以前、アルプスの近くに住むシニアの哲学者で牧師さんが、話してくれたことがあった。一人で山登りに出かけるとき、娘や息子が携帯電話を持って出かけるように繰り返しいうが。彼曰く「それはしたくない。それは私の自由」と。なるほど!

彼が毎日同じ赤のセーターを着ていたのは、徐々に視力を失っていく妻に(のちに他界)自分がそばにいることを知らせるためだった。そんな慕い寄っていきたくなるような篤実なフランス人男性が、家族の心配をわからないはずはない。

。。。下につづく

二週間でみた日本(1)セクハラ

二週間とちょっと、関西にいました。その間に米国の大統領選挙があり、日本ではTPPの国会承認手続きへの動きがあり、恩師マーサ・ヌスバウム先生が賞のために来日され、彼女を迎えた京都ではしつこく咳がつづくマイコプラズマ肺炎という病気がはやり、ネットでは私のペーパー(日本会議について)を載せていただいたりしたようでした。その間のことを、何回かに分けてブログに書きとめたいと思います。

・・・・

京都の下鴨署などで通訳をする友人が、こぼれ話をしてくれた。夜中の2時3時、早朝にも電話がかかり出かけるらしい。それも毎日のように。私なら寝ぼけて「グッド・ラック」といって、お断りするだろうか。元気に仕事を引き受ける彼女は、エライ!

よくあるケースに、日本人男性と外国人女性のトラブルがあるという。「セクハラ」というので「レイプなの?」と聞くと、「強姦ではなく、男性が女性の性器を触ったりする」のだという。

。。。下につづく

Healthy and wise

It was a rainy day in the morning of November 5, and there was already a queue at our local theatre hall. A young lady opened the door and helped me find the umbrella rack. She said, “I’ve never seen these many people eager to donate blood, especially on a gloomy day like this.” I remarked, “It might be the warmth and dryness that have brought them here.”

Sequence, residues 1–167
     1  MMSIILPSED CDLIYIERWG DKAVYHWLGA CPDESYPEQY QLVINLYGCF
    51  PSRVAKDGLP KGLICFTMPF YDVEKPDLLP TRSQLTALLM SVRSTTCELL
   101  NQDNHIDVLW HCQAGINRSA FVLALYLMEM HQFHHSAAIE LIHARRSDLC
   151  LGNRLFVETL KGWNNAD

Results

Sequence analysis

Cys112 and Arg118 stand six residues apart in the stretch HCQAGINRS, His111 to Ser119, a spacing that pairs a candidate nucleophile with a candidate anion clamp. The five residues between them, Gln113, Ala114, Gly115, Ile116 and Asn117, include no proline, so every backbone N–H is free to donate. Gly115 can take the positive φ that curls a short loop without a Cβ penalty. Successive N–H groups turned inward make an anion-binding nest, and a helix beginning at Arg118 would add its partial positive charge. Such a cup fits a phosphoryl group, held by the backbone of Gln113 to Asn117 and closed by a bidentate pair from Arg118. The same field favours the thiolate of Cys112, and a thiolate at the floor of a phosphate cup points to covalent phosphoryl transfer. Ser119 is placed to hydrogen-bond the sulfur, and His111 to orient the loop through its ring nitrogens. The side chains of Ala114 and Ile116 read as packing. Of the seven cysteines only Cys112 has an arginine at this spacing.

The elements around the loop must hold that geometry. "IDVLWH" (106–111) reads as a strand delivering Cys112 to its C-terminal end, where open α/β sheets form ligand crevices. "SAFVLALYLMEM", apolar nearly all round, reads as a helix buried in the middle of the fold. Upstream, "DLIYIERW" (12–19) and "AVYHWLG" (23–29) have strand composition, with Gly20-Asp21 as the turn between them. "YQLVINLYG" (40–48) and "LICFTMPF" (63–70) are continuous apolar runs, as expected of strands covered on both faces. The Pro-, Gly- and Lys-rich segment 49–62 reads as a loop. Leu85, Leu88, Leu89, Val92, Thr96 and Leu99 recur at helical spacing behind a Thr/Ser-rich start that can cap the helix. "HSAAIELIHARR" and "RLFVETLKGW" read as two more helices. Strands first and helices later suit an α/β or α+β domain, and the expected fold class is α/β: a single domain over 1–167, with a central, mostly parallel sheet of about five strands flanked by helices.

After over an hour of waiting and filling in the 4-page questionnaire, the doctor told me politely that I could not donate blood because I’m less than 50kg. I was surprised and disappointed thus as soon as I got home, I checked online to make sure that it had nothing to do with reasons other than weight.

Yes, it’s true that donors are required to have the minimum weight of 50kg for a minimum of 400ml of blood for the blood bag to contain the sufficient therapeutic dose (as the doctor had explained to me).

I was really looking forward to it that I had ample breakfast to help me avoid feeling unwell or fainting; consequently, I had to delay lunch.

The Etablissement Français du Sang – EFS (French National Blood Service) is responsible for the collection of all types of blood donation and takes all precautions to ensure that donations (whether they be whole blood, platelet, plasma, and bone marrow or cord blood) are done in high quality and safety conditions for both donors and receivers.

While queuing I heard that about 14% of the French population donate blood annually. People between the ages of 18 and 70 can donate blood. After the age of 60, however, all donations require the approval of an EFS doctor.

米軍の極秘プロジェクト

今週火曜日。午前6時前。